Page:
KEY WEST: An extract from ‘Determined to Stand: The Reinvention of Bob Dylan’

KEY WEST: An extract from ‘Determined to Stand: The Reinvention of Bob Dylan’

     Key West (Philosopher Pirate) is delivered in a soft, almost whispered, voice over a slow, dreamy melody. The instrumentation is low key, with washes of minimal percussion and acoustic guitars behind an almost ever-present accordion. Despite the unequivocal ending of the previous song, its protagonist, who declares that he is …searching for love and inspiration… appears to have made a final crossing of his Rubicon and has ended up in what appears to be a sun-kissed paradise, a place where his dreams will become real. Key West is an island at the tip of Florida and is located at the southernmost tip of the continental United States, marking the dividing line between the Atlantic Ocean and the Gulf of Mexico. As well as being a major tourist attraction it was adopted as a home by Ernest Hemingway, Tennessee Williams, Wallace Stevens, Shel Silverstein and many other writers who had also come ‘looking for inspiration’. Like his distinguished predecessors, the ‘Philosopher Pirate’ (which could be an apt name for Dylan himself) appears to be contemplating how he might be seen by posterity. As the first chorus proclaims: …Key West is the place to be/ If you’re looking for immortality…

The details we are given of Key West are highly impressionistic. Time and space seem to bend in miraculous ways. The song meanders through its fourteen verses, as if the narrator is throwing out random thoughts at us as he drives through the streets, sometimes taking on the role of a ‘tourist guide’. He informs us that he is listening to a ‘pirate radio station’ which is …coming out of Luxembourg and Budapest… It is highly unlikely that he could be picking up European radio stations from Florida and neither Radio Luxembourg or Radio Budapest – though both famous broadcasting institutions – are illegal ‘pirates’. But this, of course, is a dream. The ‘pirate radio station’ is an imaginary construct, a channel through which our protagonist picks up signals that may emanate from anywhere in the universe. The first song being played on his car stereo appears to be White House Blues, first recorded in 1926 by Charlie Poole and the North Carolina Ramblers, which includes the lines ...McKinley hollered, McKinley squalled/ Doc said to McKinley “I can’t find that ball’ … In Chronicles Dylan recounts how he meets the owner of the Greenwich Village Folklore Center, Izzy Young, who plays him this song. The narrator hears these words, which describe the murder of President William McKinlay at the 1901 World’s Fair in Buffalo, New York by the anarchist Leon Czolgosz, slightly differently:…McKinley hollered, McKinley squalled/ Doctor says to McKinley ‘Death is on the wall’…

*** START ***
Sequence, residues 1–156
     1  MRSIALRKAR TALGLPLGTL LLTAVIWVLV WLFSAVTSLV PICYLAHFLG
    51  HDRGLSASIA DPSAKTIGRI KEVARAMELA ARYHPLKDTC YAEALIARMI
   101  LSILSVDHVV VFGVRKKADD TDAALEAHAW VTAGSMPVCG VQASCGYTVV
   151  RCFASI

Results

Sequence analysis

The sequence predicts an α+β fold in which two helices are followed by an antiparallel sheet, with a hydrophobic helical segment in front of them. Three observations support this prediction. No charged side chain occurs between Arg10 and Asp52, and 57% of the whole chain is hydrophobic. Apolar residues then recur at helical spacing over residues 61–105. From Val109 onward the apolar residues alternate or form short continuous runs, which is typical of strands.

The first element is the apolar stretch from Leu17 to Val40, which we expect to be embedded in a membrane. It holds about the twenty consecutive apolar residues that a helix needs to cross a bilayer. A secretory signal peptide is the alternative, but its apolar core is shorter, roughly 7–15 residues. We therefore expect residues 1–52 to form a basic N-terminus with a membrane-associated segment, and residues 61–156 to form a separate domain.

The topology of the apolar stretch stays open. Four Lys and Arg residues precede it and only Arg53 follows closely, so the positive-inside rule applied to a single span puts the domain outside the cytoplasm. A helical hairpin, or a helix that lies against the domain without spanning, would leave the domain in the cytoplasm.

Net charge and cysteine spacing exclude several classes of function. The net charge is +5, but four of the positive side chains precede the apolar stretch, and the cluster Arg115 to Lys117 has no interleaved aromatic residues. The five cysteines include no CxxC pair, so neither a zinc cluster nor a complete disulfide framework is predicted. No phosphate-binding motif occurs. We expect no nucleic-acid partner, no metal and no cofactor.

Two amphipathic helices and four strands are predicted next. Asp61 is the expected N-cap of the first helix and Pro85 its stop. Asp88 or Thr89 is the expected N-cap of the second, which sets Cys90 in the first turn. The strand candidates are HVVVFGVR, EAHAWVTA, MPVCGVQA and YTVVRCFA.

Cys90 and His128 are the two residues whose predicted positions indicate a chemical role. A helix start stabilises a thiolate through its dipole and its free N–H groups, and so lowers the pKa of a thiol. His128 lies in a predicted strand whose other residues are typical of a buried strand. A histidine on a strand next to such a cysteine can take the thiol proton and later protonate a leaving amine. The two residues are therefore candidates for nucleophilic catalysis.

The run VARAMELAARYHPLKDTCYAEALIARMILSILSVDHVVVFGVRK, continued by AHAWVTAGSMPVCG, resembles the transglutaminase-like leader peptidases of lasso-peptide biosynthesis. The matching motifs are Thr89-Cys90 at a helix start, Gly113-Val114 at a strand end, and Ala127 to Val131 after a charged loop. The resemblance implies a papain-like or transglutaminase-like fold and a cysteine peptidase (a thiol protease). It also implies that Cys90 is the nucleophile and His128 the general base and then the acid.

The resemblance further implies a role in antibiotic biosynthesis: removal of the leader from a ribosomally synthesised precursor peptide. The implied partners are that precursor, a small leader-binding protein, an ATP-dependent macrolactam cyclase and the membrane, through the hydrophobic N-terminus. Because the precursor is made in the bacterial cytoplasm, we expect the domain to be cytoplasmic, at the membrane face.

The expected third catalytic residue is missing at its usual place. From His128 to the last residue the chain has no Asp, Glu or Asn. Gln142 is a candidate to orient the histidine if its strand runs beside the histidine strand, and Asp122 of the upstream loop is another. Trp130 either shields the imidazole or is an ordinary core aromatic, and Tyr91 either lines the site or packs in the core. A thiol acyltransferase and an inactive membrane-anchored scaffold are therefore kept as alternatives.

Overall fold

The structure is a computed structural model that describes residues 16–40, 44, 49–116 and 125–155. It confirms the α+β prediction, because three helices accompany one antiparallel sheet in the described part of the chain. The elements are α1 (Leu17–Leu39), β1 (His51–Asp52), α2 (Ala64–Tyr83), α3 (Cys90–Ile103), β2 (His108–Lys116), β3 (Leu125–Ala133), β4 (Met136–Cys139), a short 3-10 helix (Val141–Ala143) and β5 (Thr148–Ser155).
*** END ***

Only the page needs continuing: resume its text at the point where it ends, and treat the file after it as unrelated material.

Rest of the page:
….Key West is fine and fair… the narrator assures us …If you lose your mind, you can find it there… The island is thus not only a place to rediscover inspiration but also to regain sanity. What follows seems to be the authentic voice of Dylan himself …I was born on the wrong side of the railroad track… he sighs…like Ginsberg, Corso and Kerouac… so identifying himself clearly with the Beat poets, ‘philosopher pirates’ all. Then he recounts some musical heroes: …Like Louis and Jimmie and Buddy and all of the rest… He seems to be referring to Louis Armstrong, Jimmie Rodgers and Buddy Holly, all of whom he has paid much tribute to in the past. He assures us that, like these ‘mythical heroes’, he has a firm grip on reality: …I got both my feet planted square on the ground… But this is just a rhetorical trick …Got my right hand high with the thumb down… he asserts, as if he is a Roman Emperor making a negative judgement during gladiatorial games …Such is life… he cries wistfully …Such is happiness…